Come enjoy these indoor-and-outdoor excursions as Mass reopens

Massachusetts has entered Phase 3!

Boston Harbor Islands
Boston Harbor Islands –Boston Harbor Cruises

By Mary Lhowe

Massachusetts has entered Phase 3 of its reopening from quarantine, and this phase includes many indoor entertainments, including museums and much more. Here is a sampling of ideas of places to get adults or parents with kids out to enjoy the richness of summer in Massachusetts. We emphasize here various attractions that have an indoor and a generous outdoor component. Who doesn’t want to be outdoors in the beauty of summer?

Note that indoor attractions often now are asking visitors to register in advance and sign up for timed entry. So always check the website of an attraction before planning to visit, and register if requested. Most indoor attractions request the use of face coverings and social distancing, so take your mask!


Boston Harbor Islands near Boston

This national park, composed of dozens of islands in Boston Harbor, is a unique escape to the fullness of the outdoors – with vast vistas of sun, sea, sky, and even a cityscape in the background. The park is easily accessible by ferry from Long Wharf in Boston and the Hingham Shipyard in Hingham. The park’s website states – correctly – that the ferry trip to the islands is half the fun, offering lots of gorgeous views of the city and the sea for photographers. At this time, ferries are stopping only at Spectacle Island, where people can hike, picnic, and swim. We took kites out there years ago and they loved their day of sky dancing.  Map.

Boston Harbor Islands —Boston Harbor Cruises

Battleship Cove in Fall River

This living history museum is not a place of documents and artifact roosting under glass – it is a place to see and explore the actual Navy ships. Seeing and strolling these huge vessels helps us understand the magnitude of America’s wartime naval history. The collection of US naval ships includes the USS Massachusetts, the destroyer USS Joseph P. Kennedy, Jr., and PT boats used in the South Pacific during World War II. Especially in these days, when we are remembering the history of suffrage for women, visitors will appreciate a comprehensive women’s exhibit about contributions made by women during World War II and the role they have played since the Revolutionary War. Map.

Battleship Cove in Fall River —Courtesy Battleship Cove

Tower Hill Botanical Garden in Boylston

This botanic garden has a broad collection of plants, native and exotic. The variety of plots to visit on the property include Pliny’s Allée, a cottage garden, a field of daffodils, the lawn garden, the Limonaia (Lemon House), the Orangerie [pictured here], the Moss Steps, the Secret Garden, and much more. Visitors must reserve timed tickets in advance. The first floor of the Visitor Center is open. The Garden Shop is open for ticket holders. Boxed lunches from Farmer and The Fork Café are available by pre-order. Indoor restrooms are available in the main Visitor Center and near the Limonaia. Picnics are permitted at tables and in grassy areas throughout the gardens. Tickets and visiting information.  Map.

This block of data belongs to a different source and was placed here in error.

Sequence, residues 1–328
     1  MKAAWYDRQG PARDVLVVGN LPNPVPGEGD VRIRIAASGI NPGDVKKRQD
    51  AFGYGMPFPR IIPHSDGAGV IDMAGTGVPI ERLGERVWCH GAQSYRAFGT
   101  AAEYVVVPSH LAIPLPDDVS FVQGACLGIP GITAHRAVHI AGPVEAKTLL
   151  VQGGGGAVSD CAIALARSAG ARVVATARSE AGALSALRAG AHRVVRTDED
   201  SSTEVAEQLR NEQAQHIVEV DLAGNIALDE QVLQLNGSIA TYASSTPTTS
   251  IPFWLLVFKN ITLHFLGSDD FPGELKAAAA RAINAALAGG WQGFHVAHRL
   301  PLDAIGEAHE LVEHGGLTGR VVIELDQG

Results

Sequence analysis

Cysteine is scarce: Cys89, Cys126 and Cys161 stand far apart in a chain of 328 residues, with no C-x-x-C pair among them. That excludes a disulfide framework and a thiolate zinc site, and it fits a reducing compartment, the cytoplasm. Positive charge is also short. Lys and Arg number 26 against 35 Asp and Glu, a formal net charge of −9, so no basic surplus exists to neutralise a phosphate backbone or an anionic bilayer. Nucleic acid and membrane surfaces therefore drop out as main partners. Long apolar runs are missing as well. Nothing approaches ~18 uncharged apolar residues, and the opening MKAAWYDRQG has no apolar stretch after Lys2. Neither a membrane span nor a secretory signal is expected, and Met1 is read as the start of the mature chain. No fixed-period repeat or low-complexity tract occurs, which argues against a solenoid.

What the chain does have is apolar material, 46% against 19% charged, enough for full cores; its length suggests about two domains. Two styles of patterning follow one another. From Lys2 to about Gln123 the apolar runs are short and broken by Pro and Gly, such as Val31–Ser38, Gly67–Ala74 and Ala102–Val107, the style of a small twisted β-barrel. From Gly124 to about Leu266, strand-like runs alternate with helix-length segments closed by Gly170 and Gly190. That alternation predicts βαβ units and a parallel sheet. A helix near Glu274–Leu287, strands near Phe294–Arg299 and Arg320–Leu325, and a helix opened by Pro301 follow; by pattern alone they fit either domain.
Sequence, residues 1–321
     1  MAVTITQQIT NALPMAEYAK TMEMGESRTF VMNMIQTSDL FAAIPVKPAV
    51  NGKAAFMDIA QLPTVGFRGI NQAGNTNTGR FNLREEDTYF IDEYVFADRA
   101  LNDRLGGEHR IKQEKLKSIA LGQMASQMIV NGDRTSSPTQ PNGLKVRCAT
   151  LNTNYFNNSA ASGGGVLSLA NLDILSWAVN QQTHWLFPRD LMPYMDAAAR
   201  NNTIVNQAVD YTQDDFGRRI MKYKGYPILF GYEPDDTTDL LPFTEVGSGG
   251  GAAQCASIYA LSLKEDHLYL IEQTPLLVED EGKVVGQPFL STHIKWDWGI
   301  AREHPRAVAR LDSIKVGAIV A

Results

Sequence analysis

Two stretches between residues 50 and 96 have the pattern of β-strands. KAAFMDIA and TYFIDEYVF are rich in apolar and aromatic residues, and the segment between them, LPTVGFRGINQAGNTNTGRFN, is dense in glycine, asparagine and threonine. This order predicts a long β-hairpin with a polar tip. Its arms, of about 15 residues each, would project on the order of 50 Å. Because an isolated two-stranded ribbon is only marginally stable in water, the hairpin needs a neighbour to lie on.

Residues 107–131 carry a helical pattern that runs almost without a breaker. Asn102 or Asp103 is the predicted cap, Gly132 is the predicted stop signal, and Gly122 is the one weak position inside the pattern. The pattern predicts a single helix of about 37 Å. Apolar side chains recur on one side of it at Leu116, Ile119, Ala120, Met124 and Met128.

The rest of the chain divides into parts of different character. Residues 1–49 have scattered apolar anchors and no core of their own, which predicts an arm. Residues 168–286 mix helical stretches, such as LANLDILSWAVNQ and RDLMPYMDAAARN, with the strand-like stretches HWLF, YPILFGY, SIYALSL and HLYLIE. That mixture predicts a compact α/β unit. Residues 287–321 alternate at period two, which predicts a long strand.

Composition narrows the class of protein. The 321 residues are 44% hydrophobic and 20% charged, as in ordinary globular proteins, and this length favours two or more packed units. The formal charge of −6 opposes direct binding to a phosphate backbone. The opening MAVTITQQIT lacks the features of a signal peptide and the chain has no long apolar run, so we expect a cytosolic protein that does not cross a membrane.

Tower Hill Botanic Garden, Photo by Karen Brockney —Courtesy Town Hill Botanic Garden

Norman Rockwell Museum in Stockbridge

The Norman Rockwell Museum in Stockbridge has been very active online with virtual exhibits and talks for months, but it is now open for real (with advance reservations and social distancing practices). Two of the featured exhibits in July are Liza Donnelly: Comic Relief, by the cartoonish whose works appear in The New Yorker, Forbes, and The New York Times. The exhibit title says it all, and who doesn’t need relief now? Another current exhibit, Rose O’Neill: Artist and Suffragette, honors the centennial of the 19th Amendment, coming this August. O’Neill is a notable woman illustrator of the early 1900s who was part of the women’s suffrage movement. Also on display in Rockwell’s depictions of women, including many that show 20th-century women as strong and savvy. Map.

Normal Rockwell Museum —Courtesy Normal Rockwell Museum

Hammond Castle Museum in Gloucester

This reproduction of a European castle on a bluff above the Gloucester shoreline, overlooking the Atlantic, was built in the 1920s by John Hays Hammond, Jr., a scientist and art collector. Visitors are entranced by the medieval-style surroundings – albeit with Classical elements – incorporating stone archways, windows, and wooden facades. A major item is the collection is the 8,400-pipe organ. In the 2020 season, the museum will unveil the fully restored Eric Pape mural.  The museum reopens July 16, requiring timed tickets that must be bought online in advance. Tours are held every day. In July and August there will be candlelight tours and a spiritualism tour on Thursday evenings. Map.

Hammond Castle Museum. Photo by Loretta Craveiro —Loretta Craveiro

Southwick’s Zoo in Mendon

This small zoo is a treat for parents and kids because everything is so see-able. (Like the hissing cockroach – yeah, they’ve got one).  Rides on the Woodlands Express train or the overhead Skyfari Sky Ride are a fun way to rest your legs and get a new perspective on the 115 species of animals that live here. Explore the 35-acre deer forest, petting zoo, and parakeet aviary. Don’t worry, the classic big felines are ready to greet you from their spacious and nature habitat. Map.

A Two Toed Sloth at Southwicks Zoo — Southwicks Zoo

Provided By Visit New England

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